Compensation and Benefits

Perhaps the most challenging part of the evaluation of the cost of providing necessary services is determining the appropriate compensation for the various members of the team. Ideally, the calculation should be based on the average of three resources. The MGMA compensation data is typically one of these. The problem is that MGMA data is at least a year old, and the market is constantly evolving. One should also consider that the specific location of the practice can dramatically impact compensation requirements.

Benefit packages are also a vital component of compensation packages, the overall value of the benefit package [cost share for medical/life/disability insurance, employer retirement contribution, CME allocation and PTO (paid time off) allowance] all factor into the value of a package. In the current market conditions, it is not uncommon for consideration to be made for sign on/retention bonuses, as well. The reality is that the appropriate compensation is that which is necessary to recruit and retain new providers.

Provider attrition can be the most difficult piece of this puzzle to evaluate. Losing personnel is often a key factor in discussions with administration. The most common challenge for an anesthesia practice is to ensure that it is generating sufficient revenue to recruit—but also retain—an appropriate team of qualified providers. Many practices keep administration informed as to the satisfaction of its providers and details of provider attrition.

Revenue Potential

There used to be a time when actual fee-for-service collections provided sufficient revenue to cover the cost of providing the required services, but this is almost never the case in today’s market. The consultant’s challenge, then, is to determine when the actual collections are appropriate to the volume of units billed and the payer mix. Increasingly, consultants will perform an evaluation of the billing and collections process to confirm that collections protocols are reasonable and appropriate.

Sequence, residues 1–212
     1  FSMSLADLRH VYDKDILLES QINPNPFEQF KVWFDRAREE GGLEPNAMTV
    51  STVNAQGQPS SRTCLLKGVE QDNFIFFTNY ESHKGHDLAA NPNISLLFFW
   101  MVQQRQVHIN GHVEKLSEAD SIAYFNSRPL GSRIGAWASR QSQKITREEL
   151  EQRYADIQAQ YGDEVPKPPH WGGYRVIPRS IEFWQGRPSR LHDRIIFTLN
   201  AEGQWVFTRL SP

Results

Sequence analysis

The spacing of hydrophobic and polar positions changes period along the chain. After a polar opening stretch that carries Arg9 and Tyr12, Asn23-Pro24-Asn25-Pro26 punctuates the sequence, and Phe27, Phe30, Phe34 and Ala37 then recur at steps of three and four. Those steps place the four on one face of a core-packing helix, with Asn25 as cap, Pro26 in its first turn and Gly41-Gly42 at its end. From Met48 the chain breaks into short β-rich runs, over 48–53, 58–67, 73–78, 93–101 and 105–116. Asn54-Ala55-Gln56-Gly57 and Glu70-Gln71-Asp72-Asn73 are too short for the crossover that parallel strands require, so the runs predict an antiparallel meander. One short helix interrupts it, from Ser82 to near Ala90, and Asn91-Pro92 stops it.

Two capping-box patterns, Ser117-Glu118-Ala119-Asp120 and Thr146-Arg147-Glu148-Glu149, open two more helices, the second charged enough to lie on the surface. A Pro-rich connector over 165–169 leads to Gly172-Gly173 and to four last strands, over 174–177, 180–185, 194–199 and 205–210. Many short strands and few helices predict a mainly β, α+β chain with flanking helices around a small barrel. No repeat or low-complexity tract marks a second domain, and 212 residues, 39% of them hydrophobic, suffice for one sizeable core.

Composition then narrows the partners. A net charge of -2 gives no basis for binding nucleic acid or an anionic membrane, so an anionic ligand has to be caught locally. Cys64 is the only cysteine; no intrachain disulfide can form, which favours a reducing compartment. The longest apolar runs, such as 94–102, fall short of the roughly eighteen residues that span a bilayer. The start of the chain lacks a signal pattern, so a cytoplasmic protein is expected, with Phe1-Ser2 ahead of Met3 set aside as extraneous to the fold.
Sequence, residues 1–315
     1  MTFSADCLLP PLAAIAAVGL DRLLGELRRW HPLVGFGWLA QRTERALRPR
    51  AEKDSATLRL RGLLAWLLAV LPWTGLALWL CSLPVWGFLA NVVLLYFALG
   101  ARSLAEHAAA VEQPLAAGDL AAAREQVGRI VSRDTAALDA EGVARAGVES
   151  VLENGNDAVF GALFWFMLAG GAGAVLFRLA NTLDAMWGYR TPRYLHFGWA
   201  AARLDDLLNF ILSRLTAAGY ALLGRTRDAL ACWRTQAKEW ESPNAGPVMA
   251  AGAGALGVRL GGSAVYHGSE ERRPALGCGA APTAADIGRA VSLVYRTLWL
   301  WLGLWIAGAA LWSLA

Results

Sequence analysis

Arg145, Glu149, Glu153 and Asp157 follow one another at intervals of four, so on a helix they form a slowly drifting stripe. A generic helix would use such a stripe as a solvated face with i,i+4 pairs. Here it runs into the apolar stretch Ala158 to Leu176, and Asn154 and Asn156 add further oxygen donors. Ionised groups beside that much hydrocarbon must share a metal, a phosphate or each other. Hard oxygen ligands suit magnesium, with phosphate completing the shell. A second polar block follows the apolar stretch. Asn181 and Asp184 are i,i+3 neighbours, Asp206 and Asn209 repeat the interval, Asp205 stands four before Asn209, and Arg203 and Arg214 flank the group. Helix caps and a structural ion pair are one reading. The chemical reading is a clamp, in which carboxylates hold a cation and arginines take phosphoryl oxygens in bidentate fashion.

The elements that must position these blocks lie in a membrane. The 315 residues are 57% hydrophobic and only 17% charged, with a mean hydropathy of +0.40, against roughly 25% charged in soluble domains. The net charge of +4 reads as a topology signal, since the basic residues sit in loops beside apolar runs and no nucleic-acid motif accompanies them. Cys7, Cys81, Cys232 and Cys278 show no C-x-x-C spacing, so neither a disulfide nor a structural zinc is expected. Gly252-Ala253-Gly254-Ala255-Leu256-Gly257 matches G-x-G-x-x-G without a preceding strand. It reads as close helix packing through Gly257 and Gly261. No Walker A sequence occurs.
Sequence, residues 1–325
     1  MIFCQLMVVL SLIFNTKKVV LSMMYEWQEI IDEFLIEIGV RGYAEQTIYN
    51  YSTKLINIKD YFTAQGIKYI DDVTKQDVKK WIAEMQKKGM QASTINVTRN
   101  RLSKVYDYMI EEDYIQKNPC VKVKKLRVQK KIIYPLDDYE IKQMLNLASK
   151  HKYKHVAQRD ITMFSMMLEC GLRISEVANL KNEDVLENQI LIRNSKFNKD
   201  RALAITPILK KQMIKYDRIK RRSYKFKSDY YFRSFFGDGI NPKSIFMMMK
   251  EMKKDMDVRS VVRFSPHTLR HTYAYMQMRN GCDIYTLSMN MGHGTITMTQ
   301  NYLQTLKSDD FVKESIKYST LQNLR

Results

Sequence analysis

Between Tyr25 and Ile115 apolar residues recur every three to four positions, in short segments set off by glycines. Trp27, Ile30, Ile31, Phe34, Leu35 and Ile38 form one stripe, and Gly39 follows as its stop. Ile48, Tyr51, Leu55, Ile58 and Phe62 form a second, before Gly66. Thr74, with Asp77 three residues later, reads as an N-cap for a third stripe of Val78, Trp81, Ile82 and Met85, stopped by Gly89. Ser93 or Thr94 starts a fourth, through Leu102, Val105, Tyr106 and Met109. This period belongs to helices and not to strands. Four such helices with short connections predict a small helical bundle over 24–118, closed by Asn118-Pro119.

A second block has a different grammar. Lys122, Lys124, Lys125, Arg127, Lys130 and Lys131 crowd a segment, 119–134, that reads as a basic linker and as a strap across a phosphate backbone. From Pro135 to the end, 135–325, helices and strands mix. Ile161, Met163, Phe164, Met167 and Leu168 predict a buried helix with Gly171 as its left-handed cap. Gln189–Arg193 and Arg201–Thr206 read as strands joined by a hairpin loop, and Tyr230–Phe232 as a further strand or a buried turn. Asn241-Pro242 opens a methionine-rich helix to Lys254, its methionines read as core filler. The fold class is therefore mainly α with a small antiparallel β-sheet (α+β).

Since the majority of anesthesia services are paid based on units billed, key considerations must involve the volume of billed units, the payer mix and the impact of patients with no insurance. Typically, anesthesia charges are broken down into three categories: (a) time-based surgical anesthesia charges, (b) obstetric anesthesia charges, and (c) non-time-based services, such as those for invasive monitoring, nerve blocks for acute pain management and visit services. The practice is well advised to monitor performance on a regular basis to ensure that the data provided for the FMV does not raise any red flags.

Unique Requirements

Every practice has its unique characteristics. The impact of obstetrics on an anesthesia group can be particularly significant because of its unique payer mix and specific coverage requirements. Cardiac care is often a factor because of its payer mix and specific provider qualification requirements. The dramatic increase in endoscopy cases has also become an important factor. Perhaps the most important issue, however, is the migration of cases from traditional inpatient venues to outpatient facilities. Practices must ensure that they are only providing data related to the facility for which the contract is being negotiated.

In other words, once the consultant has completed the basic analysis, he or she must review the specific and unique factors related to location, payer mix, scope of services and culture of the medical community. Provider satisfaction and attrition must be carefully considered. It is this context that the practice must ensure it has consistently communicated with administration.

The Ultimate Black Box

Most practices view the independent calculation of the FMV as a black box. While there is an element of truth to this, a good working relationship with administration and a careful review of the factors identified above should ensure a positive outcome.